The deadly oil pipeline explosion on Friday in the eastern port city of Qingdao came as a bitter reminder of another dreadful tragedy in 1989, when successive explosions of five oil tanks killed 19 people and injured another 78.
The series of explosions 24 years ago took place in Huangdao district when one of five oil tanks was hit by lightning. Within hours, a fire spread and led to explosions of the other four tanks, all of which were located within 1.5 square kilometres and were being used to store more than 40,000 tonnes of crude oil in total, according to a report carried by Caixin Magazine‘s website.
The area soon turned into a blazing inferno as the fire engulfed nearby roads and houses. Firefighters trying to stop the fire from spreading after the first explosion were not able to evacuate in time before the other tanks exploded. The fire lasted for more than four days and nights before it was put out, and 19 firefighters were killed trying to tackle the blaze.
The report in Caixin Magazine blamed poor infrastructure quality, the overcrowded layout of flammable facilities and inadequate emergency responses for the 1989 tragedy that took place in the industrial district of Huangdao, the same area as last week’s oil pipeline explosion, which killed at least 52 people and injured more than 130, with another 11 missing.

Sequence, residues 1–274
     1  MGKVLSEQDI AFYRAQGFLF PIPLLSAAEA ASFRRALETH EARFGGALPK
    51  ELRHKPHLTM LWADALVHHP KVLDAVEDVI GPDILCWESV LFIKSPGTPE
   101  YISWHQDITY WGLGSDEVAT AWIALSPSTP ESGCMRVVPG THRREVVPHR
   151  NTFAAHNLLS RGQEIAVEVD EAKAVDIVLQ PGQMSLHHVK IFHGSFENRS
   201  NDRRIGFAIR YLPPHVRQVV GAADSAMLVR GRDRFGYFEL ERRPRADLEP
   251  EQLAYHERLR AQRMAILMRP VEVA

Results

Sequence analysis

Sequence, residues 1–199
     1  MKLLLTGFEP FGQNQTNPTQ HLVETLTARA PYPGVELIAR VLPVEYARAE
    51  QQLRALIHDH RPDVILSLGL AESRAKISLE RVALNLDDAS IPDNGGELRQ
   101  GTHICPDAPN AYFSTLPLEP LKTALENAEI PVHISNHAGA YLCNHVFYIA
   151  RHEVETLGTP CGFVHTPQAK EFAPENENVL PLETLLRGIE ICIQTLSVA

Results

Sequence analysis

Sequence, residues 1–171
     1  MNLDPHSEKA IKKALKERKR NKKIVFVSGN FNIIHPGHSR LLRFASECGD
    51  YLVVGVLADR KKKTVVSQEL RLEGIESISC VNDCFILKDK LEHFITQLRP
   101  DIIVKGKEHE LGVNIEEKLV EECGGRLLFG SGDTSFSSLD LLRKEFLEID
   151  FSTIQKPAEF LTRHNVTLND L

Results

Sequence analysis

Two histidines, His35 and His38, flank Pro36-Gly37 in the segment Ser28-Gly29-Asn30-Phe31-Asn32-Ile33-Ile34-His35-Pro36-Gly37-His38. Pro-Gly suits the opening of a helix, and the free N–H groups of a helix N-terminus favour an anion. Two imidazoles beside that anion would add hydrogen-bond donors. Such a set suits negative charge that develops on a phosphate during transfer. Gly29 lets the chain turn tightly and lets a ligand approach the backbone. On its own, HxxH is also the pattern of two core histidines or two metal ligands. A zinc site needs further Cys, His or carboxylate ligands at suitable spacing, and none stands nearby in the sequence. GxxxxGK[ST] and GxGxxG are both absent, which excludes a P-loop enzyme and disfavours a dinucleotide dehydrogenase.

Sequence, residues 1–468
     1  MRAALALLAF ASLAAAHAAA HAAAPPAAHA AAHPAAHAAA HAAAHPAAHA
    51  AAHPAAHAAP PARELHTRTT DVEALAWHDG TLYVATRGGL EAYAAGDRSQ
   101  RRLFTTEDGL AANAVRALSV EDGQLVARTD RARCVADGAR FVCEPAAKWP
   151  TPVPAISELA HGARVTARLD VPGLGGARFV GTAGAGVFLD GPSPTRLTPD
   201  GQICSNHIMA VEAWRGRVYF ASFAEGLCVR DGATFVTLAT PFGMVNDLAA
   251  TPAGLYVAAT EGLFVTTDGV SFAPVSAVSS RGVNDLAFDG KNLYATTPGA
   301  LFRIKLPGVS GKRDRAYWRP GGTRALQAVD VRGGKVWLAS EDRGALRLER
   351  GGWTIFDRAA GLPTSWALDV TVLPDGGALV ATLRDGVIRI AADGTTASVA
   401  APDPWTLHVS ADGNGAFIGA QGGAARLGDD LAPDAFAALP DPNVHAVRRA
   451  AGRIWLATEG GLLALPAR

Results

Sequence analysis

On Monday, China's top official in charge of industrial safety blamed last Friday's deadly explosions in Huangdao on "human error," indicating that the central government may severely punish Sinopec, the state-owned oil giant who operates the pipeline, as well as local officials at the end of the investigation.
“This is a very serious accident caused by human error,” Xinhua quoted Yang Dongliang, director of the State Administration of Work Safety, as saying at an investigation meeting he chaired in Qingdao on Monday morning.
The explosions on November 22 has killed 55 people so far, with 136 injured and nine people still missing, state media said. In another sign of how seriously Beijing is treating the accident, President Xi Jinping flew to Qingdao on Sunday and visited those injured in the explosions in a local hospital.
Yang detailed a list of problems exposed uncovered in the initial investigation, including poor designs of the pipeline and local drainage networks, negligence on the part of safety officials, bad maintenance of the oil pipeline, as well as officials' failure to seal off the affected area and evacuate residents after they detected the leak, seven hours before the explosions.
On Sunday evening, a spokesperson for Sinopec had sought to shift the blame in an interview with the state broadcaster China National Radio.
“It’s not the oil pipeline that exploded… The oil and gas leaked into the city’s drainage system, for about 12 minutes before the leak was plugged. Then [we] rushed for maintenance and reported it to the police. All went smoothly,” he said. “[But] around 10.30am [on Friday], the city’s drainage system exploded.”
The spokesperson also said a cleanup operation was underway to remove crude oil that had leaked into Jiaozhou Bay and would not lead to marine pollution.
In fact, marine ecology in Jiaozhou Bay was already destroyed in the accident 24 years ago. More than 600 tonnes of crude oil ended up in the sea, resulting in severe pollution of 102 kilometres of coastal line, killing millions of fishes in the bay area, according to Caixin Magazine.
Video: Qingdao pipeline leak explosion